Early Settlers to St. Joseph County

Pierre Navarre

Pierre Navarre was the first European to permanently settle in St. Joseph County, Indiana. In 1820 he came to the St. Joseph River Valley Region as a fur trader for John Jacob Astor’s [who?] American Fur Company.

Mr. Navarre was said to have been a kind, honest man and a lover of nature. He married Angelique Kechouechouay, a woman of mixed blood, who was part Potawatomi. Together they set up a fur trade post on the north bank of the St. Joseph River (near today’s intersection of N. Michigan Street and Riverside Drive). They built a small log cabin that served as home for their ten children as well as their trading post. They raised their children in the Catholic religion and sent them to the schools of the day.

There were no large Indian villages near the Navarre’s trading post, but it was located along trails that Indians traveled every spring and fall to do trading. They passed through in great numbers with large quantities of furs, maple sugar, and baskets.

In 1824, Alexis Coquillard bought Pierre Navarre’s fur trading post. Navarre stayed in the cabin with his family and provided for them by fishing, trapping, and farming. In 1840, the U.S. government had purchased the Potawatomi lands and forced them to move west. Navarre, although not required to go, moved west with his wife (remember-half Potawatomi) and the rest of the tribe to Kansas. He later returned to South Bend after Angelique died and lived with his daughter. Pierre Navarre died in 1864 and is buried in Cedar Grove Cemetery on the campus of the University of Notre Dame.

Alexis Coquillard

Alexis Coquillard [pronounced: CO-quill-ARD] is considered to be one of the founding fathers of the city of South Bend, Indiana. He was born in Detroit, Michigan, on September 28, 1795. At the age of 17 he served under William Henry Harrison [who?] in the War of 1812. After the war, Alexis became a fur trader as an agent for John Jacob Astor’s American Fur Company.

In 1823, Mr. Coquillard came to South Bend and established a trading post on the west bank of the St. Joseph River:

Mr. Coquillard was a big man, over six-feet tall and weighed around 250 pounds. Though he could neither read nor write, he spoke French and English as well as the Potawatomi language. He was so loved and respected by the Indians that the Potawatomies wanted to make him their chief.

In 1824, Mr. Coquillard married Frances Comparet, the sister of his business partner. The newly married couple built a frame house near the fur trading post. Their only child, Theodore, was born in this house in 1846. Later, Alexis built a larger log trading post and home. He also operated a boat across the St. Joseph River because there were no bridges across the river.

Alexis Coquillard built a sawmill and two grist mills. The Kankakee Customs Mills was built in 1837. It was located at an outlet of a canal he dug near Marion Street in South Bend. After a dam was built on the St. Joseph River at South Bend in 1844, he built a modern flour grist mill on the northeast corner of Colfax Avenue and the river. This new mill burnt soon after it was in operation and while inspecting the damage, Alexis Coquillard accidentally fell and suffered a fractured skull. He died the next day, January 8, 1855.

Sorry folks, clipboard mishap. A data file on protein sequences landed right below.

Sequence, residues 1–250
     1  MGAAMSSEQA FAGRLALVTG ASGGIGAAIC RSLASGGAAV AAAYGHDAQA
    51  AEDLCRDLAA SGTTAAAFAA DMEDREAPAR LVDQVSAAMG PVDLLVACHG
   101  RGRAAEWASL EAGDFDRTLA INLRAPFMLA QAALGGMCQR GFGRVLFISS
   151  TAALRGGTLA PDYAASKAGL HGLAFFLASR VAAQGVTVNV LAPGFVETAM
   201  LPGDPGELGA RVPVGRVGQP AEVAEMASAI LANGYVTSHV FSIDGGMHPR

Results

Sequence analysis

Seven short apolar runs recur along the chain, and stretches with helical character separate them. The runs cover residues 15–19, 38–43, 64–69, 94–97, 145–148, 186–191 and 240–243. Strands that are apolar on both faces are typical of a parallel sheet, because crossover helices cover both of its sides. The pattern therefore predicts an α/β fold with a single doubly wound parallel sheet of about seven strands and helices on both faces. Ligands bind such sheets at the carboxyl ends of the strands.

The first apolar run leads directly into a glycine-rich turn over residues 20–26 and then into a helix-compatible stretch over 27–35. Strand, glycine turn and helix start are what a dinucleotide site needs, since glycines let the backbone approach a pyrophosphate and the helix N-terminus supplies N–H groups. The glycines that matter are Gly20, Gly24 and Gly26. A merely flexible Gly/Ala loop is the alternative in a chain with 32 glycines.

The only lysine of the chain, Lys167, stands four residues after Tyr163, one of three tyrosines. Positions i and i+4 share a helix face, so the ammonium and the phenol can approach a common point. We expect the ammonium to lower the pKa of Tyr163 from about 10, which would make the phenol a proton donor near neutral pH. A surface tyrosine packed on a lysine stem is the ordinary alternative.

Lathrop Taylor

Lathrop Taylor was born in 1805 and came to South Bend, Indiana, from Clinton, New York, in 1827. He was a fur trader and trapper and came here to trade with the Indians. He worked for Hanna & Company, a rival of the American Fur Company. Mr. Taylor could read and was an excellent writer, spoke French, English, and the Miami and Potawatomi languages. He developed a close relationship with the Indians and they helped him clear a place in the woods for his trading post.

Along with Alexis Coquillard, Mr. Taylor worked to found the city of South Bend. Both men bought land from the government and on March 28, 1831, they platted the town of South Bend. They planned wide streets, donated land for the county courthouse, schools, and a city cemetery. Today, the roads within downtown South Bend are still in the same location that Mr. Coquillard and Mr. Taylor first created them on a map.

In 1829, the U.S. government surveyed the lands that made up the state of Indiana. Because of this survey, the new city of South Bend was allowed to set up a post office. Lathrop Taylor was appointed the first Postmaster of what was then known as, “Southold, Allen County, Indiana.” Monthly mail was received from Vincennes, Indiana [where?]. There wasn’t much mail at the beginning of the Southold post office. There really wasn’t an actual post office building, Mr. Taylor had a wooden cabinet with small shelves where he would assign the mail. Lathrop Taylor was also the county clerk and county recorder. Early records in the county courthouse still show Mr. Taylor’s beautiful handwriting.

In 1832, the town of South Bend received and sent mail twice a week to Fort Wayne, Indiana, twice a week mail was sent to Detroit, Michigan, and once a week mail was sent to Chicago. In the same year a small fort was built in South Bend to protect the residents against the raids of Chief Black Hawk [who?] and his followers. Lathrop Taylor was appointed a Colonel and placed in charge of the fort, even though it never needed to be used. In 1833, Mr. Taylor married Mary Johnson, the daughter of Peter Johnson, a local carpenter and business owner. Together they raised six children. Mr. Taylor lived in the community he helped found until 1892, when he died at the age of 87. He is buried in South Bend City Cemetery.

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